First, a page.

The Bad Condition Of The Rules

| USA | Learning | March 20, 2017

My high school job is shelving books in a library. It is a great job, good pay, wonderful coworkers, and flexible hours. They also have a relaxed dress code, which is basically the same as the local school system’s. That’s actually how they described it to newcomers: anything they can wear to school, they can wear to work at the library.

At another branch, the students started regularly wearing torn jeans to work. The main office saw this and thought it looked trashy, so they made a rule: no more jeans. Every other kind of pants were fine, even sweatpants, but no jeans.

So of course, now I can wear a pair of torn khakis with holes in the knees, according to the rules, but a nice, new pair of intact jeans are not allowed. I don’t think banning jeans in itself is a stupid and unreasonable move, but if they had a problem with the condition of them, it makes more sense to ban any pants in bad condition.

Double-Sided And Single-Minded

| Croydon, England, UK | Right | March 20, 2017

(The library has several computers which you can book for up to two hours per day; if you want to print something it costs 12 pence per page. Members of the library can book slots for themselves via a terminal, but often if there’s a problem with their card they ask us to do it for them at the main desk.)

Customer: “Excuse me; can you book me onto a computer?”

Me: “Of course, madam! If I can have your card?”

(She gives it to me and I book two hours for her. Two hours later:)

Customer: “Can you help me?”

Me: “What’s the problem?”

Customer: “It’s charging me too much for double-sided.”

Me: “Really? Let’s see how many pages you’re printing.”

(I open up the option where we ‘release’ people’s printing jobs. The lady has a LOT of print-outs queued.)

Me: “Ah… well, to start with, for this one you’re printing five pages, so that would be sixty pence—”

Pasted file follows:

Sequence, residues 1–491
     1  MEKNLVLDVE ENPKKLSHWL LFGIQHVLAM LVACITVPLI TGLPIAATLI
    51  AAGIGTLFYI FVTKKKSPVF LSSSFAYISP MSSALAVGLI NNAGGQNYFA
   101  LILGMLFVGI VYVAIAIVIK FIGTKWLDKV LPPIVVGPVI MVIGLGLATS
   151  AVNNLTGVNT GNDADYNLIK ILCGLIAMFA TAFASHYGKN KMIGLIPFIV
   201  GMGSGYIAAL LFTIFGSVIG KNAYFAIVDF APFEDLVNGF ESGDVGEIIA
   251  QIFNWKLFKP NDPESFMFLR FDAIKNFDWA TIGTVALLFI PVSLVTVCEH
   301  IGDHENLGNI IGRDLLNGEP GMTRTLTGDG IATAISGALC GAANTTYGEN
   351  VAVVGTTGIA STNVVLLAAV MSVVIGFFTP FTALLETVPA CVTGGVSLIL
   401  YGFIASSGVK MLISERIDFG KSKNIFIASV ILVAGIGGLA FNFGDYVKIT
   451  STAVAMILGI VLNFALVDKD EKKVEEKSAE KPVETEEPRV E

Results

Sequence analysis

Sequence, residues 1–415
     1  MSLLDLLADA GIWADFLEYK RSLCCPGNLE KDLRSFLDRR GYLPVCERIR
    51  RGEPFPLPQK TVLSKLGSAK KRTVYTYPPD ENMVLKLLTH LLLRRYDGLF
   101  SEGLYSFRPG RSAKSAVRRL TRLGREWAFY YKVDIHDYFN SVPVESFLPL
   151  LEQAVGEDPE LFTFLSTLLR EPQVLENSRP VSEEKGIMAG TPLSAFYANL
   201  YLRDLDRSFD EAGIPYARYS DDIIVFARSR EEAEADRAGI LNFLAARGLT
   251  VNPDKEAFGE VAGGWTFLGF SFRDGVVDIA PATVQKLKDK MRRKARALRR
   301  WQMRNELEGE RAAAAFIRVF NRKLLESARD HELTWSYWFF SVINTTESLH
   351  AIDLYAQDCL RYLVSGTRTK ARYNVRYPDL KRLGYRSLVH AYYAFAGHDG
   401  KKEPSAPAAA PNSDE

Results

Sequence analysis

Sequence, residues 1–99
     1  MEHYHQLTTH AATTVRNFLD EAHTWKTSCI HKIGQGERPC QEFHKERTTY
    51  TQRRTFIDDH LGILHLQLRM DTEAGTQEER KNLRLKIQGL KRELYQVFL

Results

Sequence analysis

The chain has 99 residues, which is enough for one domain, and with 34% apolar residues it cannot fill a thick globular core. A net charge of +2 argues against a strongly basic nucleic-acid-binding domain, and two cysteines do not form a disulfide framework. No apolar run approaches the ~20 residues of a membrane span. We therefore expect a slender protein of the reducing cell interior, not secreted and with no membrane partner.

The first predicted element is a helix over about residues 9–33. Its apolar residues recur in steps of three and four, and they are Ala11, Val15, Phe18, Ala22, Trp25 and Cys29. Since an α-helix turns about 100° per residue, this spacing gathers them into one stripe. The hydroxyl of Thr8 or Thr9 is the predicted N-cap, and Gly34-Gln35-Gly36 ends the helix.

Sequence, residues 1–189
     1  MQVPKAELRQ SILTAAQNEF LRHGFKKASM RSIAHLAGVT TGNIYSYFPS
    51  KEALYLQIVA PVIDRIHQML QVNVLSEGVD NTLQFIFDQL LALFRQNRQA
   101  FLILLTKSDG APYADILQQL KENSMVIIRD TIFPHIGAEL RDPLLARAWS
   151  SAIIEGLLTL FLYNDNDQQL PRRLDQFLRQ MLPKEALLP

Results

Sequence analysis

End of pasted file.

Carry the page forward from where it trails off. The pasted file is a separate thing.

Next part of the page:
Customer: “But I’m printing double sided. That’s only three pages.”

Me: “…I’m afraid that’s not how it works. You’re paying for the page, not the paper itself.”

Customer: “I shouldn’t have to pay that! That’s why I’m printing double sided!”

Me: “I’m sorry, but that’s how the computer processes the print job. There’s nothing I can do about it.”

Customer: “But I shouldn’t have to pay for five pages when I’m only printing three!”

Coworker: “Excuse me, but you ARE printing five. You’re really paying for the ink, not the paper.”

Customer: “Now you’re just confused. You don’t seem to understand what I’m saying.”

(She says this a few more times, but we eventually manage to explain to her how the system works, and she then proceeds to print off each batch of printing with no hitches — up until the end.)

Me: “All right, so, this last lot will be forty eight pence.”

Customer: “Oh. I don’t have that much change left. Oh, I really need that last one! It’s my CV.”

Coworker: “Well, we could always print it off and keep it for you until Monday when you can pay for it.”

Customer: “Oh, but I need it now!”

Coworker: “Then we can put a note on your account with the amount you owe us, and you can pay us when you next come in.”

(The customer suddenly looks very reticent and mumbles. My coworker and I share a glance.)

Customer: “Oh, um, I don’t have my library card on me today.”